NEA prepares to battle for art and survival

August 26, 1993|By Susan Baer | Susan Baer,Washington Bureau

Washington -- When Illinois Rep. Philip M. Crane tried last month to abolish the National Endowment for the Arts -- just as he's tried to do for the past four years -- his proposal was voted down by a handy margin.

But the conservative Republican garnered 20 more votes than he had last year, and 40 more than he'd received the year before that.

"At this rate," he smiled and told his Democratic adversary, NEA-supporter Rep. Sidney R. Yates of Illinois, "in another five years, we've gotcha!"

Not so fast, Mr. Yates, one of the agency's congressional founders, is saying.

But having taken a beating by conservatives in recent years over its funding of controversial art -- an attack that continues to gather steam -- the NEA knows it must mount a new offensive and erase its "dirty pictures" image if it's going to prove Mr. Crane wrong.

With roots in the 1989 furor over federally-funded homo-erotic photographs by Robert Mapplethorpe and works by Andres Serrano denounced as sacrilegious, controversy continues to hang over the NEA.

Heading straight for the hot seat again -- debate over funding and reauthorization looms on Capitol Hill next month along with the confirmation hearings for nominee Jane Alexander as chairwoman -- the 28-year-old NEA, with help from the arts community, has geared up to begin taking control of its image.

And so has the opposition.

"There's some real serious work this agency has got to do," said an NEA official who asked not to be identified. "The Clinton administration is going to be the barometer of whether the agency is going to exist or not."

One NEA supporter, Robert Lynch, executive director of the National Assembly of Local Arts Agencies, agrees that the agency is moving into a critical, perhaps decisive, season.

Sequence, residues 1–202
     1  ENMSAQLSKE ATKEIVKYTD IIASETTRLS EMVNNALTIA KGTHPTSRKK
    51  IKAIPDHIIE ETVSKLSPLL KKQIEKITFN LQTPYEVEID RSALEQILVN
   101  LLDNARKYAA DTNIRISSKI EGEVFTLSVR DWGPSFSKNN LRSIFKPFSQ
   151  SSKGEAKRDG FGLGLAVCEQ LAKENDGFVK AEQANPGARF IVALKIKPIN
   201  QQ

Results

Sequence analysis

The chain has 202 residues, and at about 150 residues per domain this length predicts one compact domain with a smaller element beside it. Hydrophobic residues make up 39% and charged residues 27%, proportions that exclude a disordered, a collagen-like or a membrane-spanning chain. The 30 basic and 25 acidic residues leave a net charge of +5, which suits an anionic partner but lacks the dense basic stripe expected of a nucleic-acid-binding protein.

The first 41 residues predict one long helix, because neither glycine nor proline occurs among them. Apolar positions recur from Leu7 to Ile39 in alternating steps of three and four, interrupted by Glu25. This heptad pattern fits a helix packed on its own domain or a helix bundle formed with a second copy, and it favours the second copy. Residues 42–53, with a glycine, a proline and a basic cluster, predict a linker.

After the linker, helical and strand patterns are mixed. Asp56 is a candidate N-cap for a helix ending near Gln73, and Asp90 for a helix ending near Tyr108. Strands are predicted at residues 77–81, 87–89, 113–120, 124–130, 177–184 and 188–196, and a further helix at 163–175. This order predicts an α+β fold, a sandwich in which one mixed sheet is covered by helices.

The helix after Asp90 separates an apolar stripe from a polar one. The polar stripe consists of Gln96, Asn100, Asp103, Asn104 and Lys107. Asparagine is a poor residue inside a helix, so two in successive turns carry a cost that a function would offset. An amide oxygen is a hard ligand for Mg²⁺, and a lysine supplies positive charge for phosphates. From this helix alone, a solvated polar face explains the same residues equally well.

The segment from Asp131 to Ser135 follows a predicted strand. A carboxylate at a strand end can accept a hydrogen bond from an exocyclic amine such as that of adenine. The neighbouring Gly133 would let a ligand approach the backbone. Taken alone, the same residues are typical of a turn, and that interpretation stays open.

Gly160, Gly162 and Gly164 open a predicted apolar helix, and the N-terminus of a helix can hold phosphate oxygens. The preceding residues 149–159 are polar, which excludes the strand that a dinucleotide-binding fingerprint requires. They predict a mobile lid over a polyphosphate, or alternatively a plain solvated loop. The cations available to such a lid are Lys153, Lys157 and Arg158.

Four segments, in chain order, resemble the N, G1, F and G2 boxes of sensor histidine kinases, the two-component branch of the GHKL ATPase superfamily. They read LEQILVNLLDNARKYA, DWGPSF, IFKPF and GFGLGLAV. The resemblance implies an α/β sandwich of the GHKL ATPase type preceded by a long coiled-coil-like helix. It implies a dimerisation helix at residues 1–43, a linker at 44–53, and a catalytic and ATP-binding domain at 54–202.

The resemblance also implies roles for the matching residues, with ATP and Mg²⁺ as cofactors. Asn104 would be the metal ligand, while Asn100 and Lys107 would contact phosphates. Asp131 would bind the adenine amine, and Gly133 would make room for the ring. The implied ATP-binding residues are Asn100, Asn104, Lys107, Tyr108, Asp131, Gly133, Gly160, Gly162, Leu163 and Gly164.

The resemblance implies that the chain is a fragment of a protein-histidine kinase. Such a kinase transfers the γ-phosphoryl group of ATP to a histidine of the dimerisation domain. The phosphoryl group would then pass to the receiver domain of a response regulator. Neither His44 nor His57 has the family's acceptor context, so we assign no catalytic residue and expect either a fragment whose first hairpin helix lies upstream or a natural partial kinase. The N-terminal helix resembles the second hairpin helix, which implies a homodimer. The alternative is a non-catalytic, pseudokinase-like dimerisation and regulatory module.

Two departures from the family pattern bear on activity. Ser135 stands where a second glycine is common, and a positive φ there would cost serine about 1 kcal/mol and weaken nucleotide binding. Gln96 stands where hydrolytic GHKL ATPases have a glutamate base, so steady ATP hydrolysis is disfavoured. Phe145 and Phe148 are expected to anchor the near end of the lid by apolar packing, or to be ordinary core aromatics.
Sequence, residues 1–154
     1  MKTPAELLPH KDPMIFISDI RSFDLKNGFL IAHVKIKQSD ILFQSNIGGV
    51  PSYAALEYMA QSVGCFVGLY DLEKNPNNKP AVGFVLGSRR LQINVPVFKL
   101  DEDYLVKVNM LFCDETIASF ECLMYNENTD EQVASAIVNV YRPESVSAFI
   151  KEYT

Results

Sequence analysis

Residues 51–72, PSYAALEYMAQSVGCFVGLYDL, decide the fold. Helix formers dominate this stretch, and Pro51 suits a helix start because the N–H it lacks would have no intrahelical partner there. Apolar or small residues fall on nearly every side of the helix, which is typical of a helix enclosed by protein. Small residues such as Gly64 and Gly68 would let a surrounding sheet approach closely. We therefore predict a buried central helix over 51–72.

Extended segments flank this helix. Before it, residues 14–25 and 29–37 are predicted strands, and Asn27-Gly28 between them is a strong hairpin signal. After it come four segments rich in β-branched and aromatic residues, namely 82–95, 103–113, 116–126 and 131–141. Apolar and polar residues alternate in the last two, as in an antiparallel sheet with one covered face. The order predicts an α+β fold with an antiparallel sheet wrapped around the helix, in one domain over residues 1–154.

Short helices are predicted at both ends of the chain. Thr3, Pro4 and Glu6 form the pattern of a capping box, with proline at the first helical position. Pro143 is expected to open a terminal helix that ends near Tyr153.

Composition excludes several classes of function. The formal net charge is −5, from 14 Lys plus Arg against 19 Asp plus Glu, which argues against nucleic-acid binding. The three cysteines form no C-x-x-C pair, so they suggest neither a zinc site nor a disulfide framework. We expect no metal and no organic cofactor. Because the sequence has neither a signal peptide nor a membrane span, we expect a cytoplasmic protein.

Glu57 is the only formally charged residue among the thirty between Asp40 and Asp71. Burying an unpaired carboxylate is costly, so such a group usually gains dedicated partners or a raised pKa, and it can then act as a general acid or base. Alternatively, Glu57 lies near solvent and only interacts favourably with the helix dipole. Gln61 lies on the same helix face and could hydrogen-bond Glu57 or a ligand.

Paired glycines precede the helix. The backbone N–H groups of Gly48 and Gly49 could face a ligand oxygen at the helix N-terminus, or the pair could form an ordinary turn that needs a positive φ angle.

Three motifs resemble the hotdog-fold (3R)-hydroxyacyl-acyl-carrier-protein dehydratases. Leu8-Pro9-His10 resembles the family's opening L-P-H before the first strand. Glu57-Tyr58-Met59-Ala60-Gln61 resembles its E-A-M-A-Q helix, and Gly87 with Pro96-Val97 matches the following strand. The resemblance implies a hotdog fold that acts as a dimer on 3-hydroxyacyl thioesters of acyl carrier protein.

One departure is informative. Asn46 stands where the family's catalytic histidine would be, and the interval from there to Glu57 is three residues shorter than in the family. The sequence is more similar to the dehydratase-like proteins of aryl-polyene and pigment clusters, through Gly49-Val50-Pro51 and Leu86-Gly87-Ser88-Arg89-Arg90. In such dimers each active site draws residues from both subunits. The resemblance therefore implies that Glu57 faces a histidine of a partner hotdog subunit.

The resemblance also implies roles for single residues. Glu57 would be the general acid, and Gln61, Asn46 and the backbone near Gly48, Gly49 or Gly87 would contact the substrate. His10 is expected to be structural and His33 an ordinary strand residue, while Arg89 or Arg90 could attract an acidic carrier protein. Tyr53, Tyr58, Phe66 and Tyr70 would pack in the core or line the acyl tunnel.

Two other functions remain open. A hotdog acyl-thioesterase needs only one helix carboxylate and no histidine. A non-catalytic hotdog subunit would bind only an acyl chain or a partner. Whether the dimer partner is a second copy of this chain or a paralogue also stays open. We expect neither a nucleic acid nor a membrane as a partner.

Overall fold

The endowment's reversal yesterday of a Bush administration decision to deny funds to three gay and lesbian film festivals appears to be a step in a new direction.

"The agency has a great opportunity to totally reposition itself -- and I think it needs to," says Mr. Lynch. "It will be facing continuing, mounting problems unless that image is turned around. And it now has an opportunity that can be either positive or controversial."

Conservatives -- including a Christian right group and members of Congress -- are doing their best to keep the controversial label alive, hitting on two fronts: economic, suggesting there's no room for an arts endowment in this time of mounting deficit and debt; and content, arguing that taxpayers are funding offensive or anti-Christian images.

The NEA -- whose annual budget last year was $175 million, or about one-fifth of one guided-missile destroyer -- is trying to counter those charges by talking up its educational programs, children's programs, projects that bring the arts to the disabled, the elderly, the inner cities and rural areas, and its projects that have economically revitalized communities.

And it plans to respond to attacks in a way it rarely did during the Bush administration, when the outcry over a handful of controversial grants caused Congress to pass restrictions requiring NEA grant recipients to adhere to "general standards of decency."

Even so, in the battle of images it is clearly an uphill fight. The agency awards about 4,000 grants a year totaling about $153 million. In Maryland, for instance, the NEA's quarterly awards last month included more than $500,000 to a variety of arts organizations and institutions -- everything from Center Stage and the Baltimore Symphony Orchestra to the Maryland State Arts Council for arts projects in under-served communities.

But there's also the NEA-funded project near San Diego, in which three artists handed out $10 bills to illegal immigrants to illustrate the immigrants' role in the economy, that landed on the front page of the New York Times last week.

"This is outrageous," wrote Republican Rep. Randy Cunningham California, one of the 105 who voted to eliminate the NEA this year, in a letter to the endowment. "I can scarcely imagine a more contemptuous use of taxpayers' hard-earned dollars."

An NEA spokesman said the agency's audit staff is now reviewing the way that money, part of a $5,000 grant awarded in 1989 to the Museum of Contemporary Art in San Diego, is being spent.

Such publicity is "very damaging," admits arts executive Mr. Lynch. "No matter how plausible or positive this is as a conceptual piece, it just doesn't come across that way. And I guarantee it comes across less positively on the floor of Congress."

In fact, much of the battle of images is focused on Congress, with the endowment sending packets of information about valuable NEA-funded projects in each member's state or district, while its opponents send whatever examples they can find of questionable grants.

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